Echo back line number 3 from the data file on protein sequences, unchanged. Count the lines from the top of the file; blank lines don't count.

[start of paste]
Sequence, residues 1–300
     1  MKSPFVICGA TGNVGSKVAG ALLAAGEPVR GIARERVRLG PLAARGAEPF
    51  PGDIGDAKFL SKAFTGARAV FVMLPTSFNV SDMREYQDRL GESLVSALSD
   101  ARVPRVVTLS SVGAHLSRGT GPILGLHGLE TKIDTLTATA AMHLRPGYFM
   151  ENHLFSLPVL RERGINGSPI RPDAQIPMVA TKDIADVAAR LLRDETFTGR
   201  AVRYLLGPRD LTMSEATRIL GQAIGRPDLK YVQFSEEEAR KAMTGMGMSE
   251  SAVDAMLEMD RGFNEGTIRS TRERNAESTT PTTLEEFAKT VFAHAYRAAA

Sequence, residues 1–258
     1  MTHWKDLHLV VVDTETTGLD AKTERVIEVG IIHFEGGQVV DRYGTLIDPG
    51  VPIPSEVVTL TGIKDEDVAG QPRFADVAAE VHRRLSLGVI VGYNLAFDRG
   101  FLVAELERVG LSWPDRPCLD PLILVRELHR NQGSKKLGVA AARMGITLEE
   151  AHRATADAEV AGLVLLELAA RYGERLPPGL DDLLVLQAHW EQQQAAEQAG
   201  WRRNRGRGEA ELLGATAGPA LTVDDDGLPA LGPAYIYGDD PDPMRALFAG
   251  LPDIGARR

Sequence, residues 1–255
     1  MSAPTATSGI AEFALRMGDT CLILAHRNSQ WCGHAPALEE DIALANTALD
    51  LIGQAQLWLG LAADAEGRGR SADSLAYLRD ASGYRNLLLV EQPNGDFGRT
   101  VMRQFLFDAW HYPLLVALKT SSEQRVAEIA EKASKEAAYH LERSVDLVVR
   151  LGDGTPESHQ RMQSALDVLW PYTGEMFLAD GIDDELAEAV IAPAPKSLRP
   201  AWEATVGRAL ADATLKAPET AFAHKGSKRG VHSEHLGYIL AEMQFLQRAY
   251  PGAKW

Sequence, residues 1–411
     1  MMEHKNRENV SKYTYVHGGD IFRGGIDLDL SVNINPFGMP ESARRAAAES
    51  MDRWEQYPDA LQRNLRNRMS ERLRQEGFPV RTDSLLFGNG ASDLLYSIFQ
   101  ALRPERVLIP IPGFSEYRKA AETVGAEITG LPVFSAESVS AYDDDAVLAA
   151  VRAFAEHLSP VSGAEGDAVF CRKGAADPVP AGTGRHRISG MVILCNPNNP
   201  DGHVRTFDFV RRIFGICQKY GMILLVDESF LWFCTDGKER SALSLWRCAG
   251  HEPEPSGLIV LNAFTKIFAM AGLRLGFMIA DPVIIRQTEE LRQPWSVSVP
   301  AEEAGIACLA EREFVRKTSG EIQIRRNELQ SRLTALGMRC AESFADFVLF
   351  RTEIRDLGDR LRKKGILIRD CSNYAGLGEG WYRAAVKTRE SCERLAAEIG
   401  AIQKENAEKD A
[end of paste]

    51  PGDIGDAKFL SKAFTGARAV FVMLPTSFNV SDMREYQDRL GESLVSALSD